There was a time when traditional teaching would focus on things such as honor, perseverance, honesty, hard work, humility, and love. Today, all you need to do is watch Nickelodeon or Disney to see the values taught by these shows. I-Carly seems like a harmless show, but I ask, where is mom or dad? Big Time Rush’s most important value is being famous, and the list could go on and on. Gone are the days of Opie and Andy Griffith where a lesson could be learned from every episode regarding thinks like honesty and love. What is my point with all of this? It’s not as if any of this is new news and our kids are the targets.

 

Where in society today can perseverance, honor, honesty, hard work, humility, or love be taught? Youth sports, but only if we are diligent enough to take youth sports back for our children. This isn’t going to be an easy task because there are now multi-million dollar corporations competing for our kids, and academies that will tell parents that their kids “must” specialize in a sport if they are ever want to be good enough to receive a scholarship. So many times these pressures cause well-intentioned parents to spend thousands of dollars on equipment, the “right” team, and travel that in the end doesn’t get the result the parents were expecting. Kids decide at 13 that they don’t like the sport any more, or worse they wind up injured because of overuse. Learn the truth about specialization from Changing the Game Project, www.changingthegameproject.com and Proactive Coaching, https://www.facebook.com/proactivecoach . If your son or daughter is ever to play in college or beyond, they must first learn to love the sport, and decide on their own that playing in college is a goal of theirs. Without that love for the game, there is nothing that you as a parent can do to “make” them successful. It must come from within.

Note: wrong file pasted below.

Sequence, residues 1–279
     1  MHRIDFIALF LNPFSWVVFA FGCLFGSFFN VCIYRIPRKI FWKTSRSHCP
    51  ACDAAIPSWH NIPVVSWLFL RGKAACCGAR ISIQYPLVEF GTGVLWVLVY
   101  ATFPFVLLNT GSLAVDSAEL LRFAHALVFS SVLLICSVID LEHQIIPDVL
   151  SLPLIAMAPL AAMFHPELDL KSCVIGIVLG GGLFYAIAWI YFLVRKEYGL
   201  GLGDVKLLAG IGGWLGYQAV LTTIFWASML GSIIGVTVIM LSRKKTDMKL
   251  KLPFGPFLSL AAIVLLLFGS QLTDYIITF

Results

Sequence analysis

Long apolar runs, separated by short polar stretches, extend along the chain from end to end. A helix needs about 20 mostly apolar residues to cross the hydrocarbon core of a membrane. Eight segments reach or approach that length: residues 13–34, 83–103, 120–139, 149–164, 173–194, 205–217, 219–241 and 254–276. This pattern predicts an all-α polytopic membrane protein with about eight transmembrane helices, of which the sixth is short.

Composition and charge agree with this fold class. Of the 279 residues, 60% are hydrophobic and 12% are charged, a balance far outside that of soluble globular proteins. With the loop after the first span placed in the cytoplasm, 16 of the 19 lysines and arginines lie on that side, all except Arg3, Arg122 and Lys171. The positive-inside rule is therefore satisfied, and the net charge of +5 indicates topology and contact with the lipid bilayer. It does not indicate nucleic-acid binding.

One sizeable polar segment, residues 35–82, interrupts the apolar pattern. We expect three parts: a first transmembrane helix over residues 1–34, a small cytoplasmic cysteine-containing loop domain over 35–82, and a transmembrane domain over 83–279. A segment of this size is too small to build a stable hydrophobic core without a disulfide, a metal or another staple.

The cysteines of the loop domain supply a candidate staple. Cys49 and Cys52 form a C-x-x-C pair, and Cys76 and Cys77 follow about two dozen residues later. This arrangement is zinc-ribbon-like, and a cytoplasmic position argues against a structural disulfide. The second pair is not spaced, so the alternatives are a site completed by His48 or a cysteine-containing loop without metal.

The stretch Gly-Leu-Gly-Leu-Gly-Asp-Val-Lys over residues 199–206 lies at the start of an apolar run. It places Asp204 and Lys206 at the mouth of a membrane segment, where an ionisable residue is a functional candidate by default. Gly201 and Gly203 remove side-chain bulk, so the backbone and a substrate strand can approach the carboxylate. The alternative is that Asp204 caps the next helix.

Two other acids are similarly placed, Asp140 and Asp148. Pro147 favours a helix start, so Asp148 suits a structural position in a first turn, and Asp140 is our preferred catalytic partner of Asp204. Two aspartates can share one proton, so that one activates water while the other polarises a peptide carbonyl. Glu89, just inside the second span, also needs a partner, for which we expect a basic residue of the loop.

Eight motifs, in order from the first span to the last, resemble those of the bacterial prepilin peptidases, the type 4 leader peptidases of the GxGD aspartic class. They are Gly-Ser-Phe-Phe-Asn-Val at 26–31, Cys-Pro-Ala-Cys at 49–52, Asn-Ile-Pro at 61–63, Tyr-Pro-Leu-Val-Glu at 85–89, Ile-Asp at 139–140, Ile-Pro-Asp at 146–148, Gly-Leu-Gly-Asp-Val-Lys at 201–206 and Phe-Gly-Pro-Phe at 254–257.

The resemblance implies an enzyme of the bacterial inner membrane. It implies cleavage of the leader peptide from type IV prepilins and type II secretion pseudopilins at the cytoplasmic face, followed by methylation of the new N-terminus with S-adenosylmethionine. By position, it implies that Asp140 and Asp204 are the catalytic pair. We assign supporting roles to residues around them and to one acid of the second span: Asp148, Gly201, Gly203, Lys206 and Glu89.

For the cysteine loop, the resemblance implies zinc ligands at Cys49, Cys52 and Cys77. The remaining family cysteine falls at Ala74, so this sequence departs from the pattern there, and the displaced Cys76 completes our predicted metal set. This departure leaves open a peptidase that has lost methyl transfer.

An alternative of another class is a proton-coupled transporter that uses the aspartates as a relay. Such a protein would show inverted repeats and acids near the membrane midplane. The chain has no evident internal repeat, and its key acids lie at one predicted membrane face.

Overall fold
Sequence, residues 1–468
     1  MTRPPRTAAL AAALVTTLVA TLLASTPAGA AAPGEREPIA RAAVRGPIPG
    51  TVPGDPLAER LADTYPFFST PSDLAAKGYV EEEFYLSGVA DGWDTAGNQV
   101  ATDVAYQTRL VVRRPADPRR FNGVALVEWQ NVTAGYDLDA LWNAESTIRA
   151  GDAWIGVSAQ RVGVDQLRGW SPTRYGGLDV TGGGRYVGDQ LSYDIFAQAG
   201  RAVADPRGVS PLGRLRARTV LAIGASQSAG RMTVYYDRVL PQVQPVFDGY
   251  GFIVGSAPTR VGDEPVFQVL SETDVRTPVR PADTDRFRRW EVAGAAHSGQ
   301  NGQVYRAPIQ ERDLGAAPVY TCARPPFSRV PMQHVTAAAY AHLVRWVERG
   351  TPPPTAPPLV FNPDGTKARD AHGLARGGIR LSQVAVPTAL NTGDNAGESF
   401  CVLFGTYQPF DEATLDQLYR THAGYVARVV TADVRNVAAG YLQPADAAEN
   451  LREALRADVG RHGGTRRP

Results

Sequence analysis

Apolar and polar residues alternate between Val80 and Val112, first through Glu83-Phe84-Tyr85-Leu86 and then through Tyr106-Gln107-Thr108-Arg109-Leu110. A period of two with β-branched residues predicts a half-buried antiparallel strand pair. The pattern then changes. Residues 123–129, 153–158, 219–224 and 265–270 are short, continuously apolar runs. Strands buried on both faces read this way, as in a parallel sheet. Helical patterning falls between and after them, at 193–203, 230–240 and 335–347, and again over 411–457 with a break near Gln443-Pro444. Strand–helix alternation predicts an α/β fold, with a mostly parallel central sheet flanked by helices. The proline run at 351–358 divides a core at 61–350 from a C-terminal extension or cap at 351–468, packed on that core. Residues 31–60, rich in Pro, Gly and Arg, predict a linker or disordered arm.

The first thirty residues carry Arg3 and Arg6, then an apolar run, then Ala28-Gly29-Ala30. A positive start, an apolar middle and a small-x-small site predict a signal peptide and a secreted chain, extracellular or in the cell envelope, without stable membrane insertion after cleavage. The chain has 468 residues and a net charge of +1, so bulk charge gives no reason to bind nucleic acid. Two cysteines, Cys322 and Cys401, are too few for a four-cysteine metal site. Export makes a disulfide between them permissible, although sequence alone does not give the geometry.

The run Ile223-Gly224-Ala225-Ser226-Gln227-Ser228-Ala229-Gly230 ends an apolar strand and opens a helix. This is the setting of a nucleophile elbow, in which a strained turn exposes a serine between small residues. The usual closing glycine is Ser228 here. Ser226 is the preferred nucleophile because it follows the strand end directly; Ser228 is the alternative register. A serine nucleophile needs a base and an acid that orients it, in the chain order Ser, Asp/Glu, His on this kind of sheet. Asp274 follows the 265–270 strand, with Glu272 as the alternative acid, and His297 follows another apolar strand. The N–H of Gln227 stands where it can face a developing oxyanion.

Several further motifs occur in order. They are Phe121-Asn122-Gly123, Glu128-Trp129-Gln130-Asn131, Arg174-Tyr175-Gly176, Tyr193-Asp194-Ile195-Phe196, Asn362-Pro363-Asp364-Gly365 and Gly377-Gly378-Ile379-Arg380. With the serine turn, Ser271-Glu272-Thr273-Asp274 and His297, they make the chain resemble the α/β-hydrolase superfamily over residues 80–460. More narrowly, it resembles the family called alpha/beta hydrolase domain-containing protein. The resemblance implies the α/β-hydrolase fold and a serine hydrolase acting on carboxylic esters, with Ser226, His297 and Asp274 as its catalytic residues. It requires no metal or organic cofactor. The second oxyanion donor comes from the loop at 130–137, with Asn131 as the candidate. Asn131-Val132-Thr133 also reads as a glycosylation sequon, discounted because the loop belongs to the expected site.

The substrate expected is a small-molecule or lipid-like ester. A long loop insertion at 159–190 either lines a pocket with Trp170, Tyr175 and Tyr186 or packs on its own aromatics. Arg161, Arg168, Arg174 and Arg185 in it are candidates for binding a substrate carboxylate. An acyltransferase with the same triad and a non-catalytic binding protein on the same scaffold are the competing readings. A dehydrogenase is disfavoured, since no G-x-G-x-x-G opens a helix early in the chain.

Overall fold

Most of the kids are not going to play sports in college or professionally, but they can learn honor, perseverance, honesty, hard work, humility, and other life lessons that will help them live successful lives. That is the power of youth sports and all of the lessons from the Bible verses below can be taught to our children through sport.

 

2 Peter 1:5-9

New International Version (NIV)

For this very reason, make every effort to add to your faith goodness; and to goodness, knowledge; and to knowledge, self-control; and to self-control, perseverance; and to perseverance, godliness; and to godliness, mutual affection; and to mutual affection, love. For if you possess these qualities in increasing measure, they will keep you from being ineffective and unproductive in your knowledge of our Lord Jesus Christ. But whoever does not have them is nearsighted and blind, forgetting that they have been cleansed from their past sins

Mickey Ellison